eenagers love to sleep in — and now scientists say we should let them. A new study published in the Archives of Pediatric and Adolescent Medicine found that students at a New England boarding school were more motivated — and awake — after the start time of their first class was pushed back from 8 a.m. to 8:30. Students and teachers alike said the change improved their quality of life. Grades only improved slightly, leading the Rhode Island sleep scientists who did the study to conclude that it might be wise to start even later. Should all schools ring the morning bell later?
Give kids the break they obviously need: "I can see no good reason to drag kids out of bed at the break of dawn," says Sandy Maple in Babble.com. Starting school early has more to do with "transportation issues" than what's best for kids. Based on this evidence, it's clear that letting our children sleep a little later will help them get the most out of school.
"Later school start good for students"
It may be a good idea, but schools can't do it: "Pushing back the school day is not a new concept," says Max Linsky in TakePart.com, but it's not going to happen. Starting class later means involves "adjusting everything from work days to bus schedules," and schools simply don't have "enough muscle to pull it off." And with "budgets being slashed," there's no promise of relief "any time soon."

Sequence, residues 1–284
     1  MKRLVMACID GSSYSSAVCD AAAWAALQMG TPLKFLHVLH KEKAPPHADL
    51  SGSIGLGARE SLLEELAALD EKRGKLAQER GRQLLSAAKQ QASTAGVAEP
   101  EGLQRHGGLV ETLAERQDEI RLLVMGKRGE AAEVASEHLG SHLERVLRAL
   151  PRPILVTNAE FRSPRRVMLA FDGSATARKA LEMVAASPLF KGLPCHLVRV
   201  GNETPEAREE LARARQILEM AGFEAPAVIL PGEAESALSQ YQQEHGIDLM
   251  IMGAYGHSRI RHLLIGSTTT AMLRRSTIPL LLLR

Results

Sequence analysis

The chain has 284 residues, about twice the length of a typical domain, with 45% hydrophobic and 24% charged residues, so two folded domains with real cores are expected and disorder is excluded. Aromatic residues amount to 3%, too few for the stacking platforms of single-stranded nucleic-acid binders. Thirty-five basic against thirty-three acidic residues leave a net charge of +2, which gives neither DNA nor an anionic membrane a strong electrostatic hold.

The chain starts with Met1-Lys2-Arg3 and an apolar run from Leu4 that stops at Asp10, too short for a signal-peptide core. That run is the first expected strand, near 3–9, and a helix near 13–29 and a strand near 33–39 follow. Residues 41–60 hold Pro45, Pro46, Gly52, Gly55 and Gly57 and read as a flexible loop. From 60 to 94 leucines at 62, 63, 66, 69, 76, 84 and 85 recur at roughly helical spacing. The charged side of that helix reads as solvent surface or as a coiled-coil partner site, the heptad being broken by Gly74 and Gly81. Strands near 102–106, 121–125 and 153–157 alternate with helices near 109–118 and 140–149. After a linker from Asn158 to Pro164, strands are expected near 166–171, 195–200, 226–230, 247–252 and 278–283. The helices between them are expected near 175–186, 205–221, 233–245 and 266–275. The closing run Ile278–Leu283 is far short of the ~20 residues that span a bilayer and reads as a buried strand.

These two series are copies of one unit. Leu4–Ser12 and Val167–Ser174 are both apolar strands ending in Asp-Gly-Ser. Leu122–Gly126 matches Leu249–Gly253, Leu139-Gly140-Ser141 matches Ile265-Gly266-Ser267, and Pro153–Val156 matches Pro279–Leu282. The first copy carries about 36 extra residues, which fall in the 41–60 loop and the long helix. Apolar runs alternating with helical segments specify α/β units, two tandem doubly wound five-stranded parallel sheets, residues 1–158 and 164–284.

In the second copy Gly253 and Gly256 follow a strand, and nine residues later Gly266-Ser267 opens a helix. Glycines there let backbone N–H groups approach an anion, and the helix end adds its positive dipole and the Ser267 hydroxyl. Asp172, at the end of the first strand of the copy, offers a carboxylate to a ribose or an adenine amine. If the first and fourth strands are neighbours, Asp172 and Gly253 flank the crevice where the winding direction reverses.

"Keep dreaming, kid: Rhode Island high school tells students to sleep in"
This could revolutionize education: Starting the day later is worth the trouble, says the Chicago Daily Herald in an editorial. In this time of tight budgets, it's a sure-fire way to boost education without the costs associated with improving other factors, such as "class size, available resources, learning atmosphere, and teacher quality." A "slight shift in our habits" is a small price to pay if it means making our schools more successful.
"Lets' wake up to sleep survey results"
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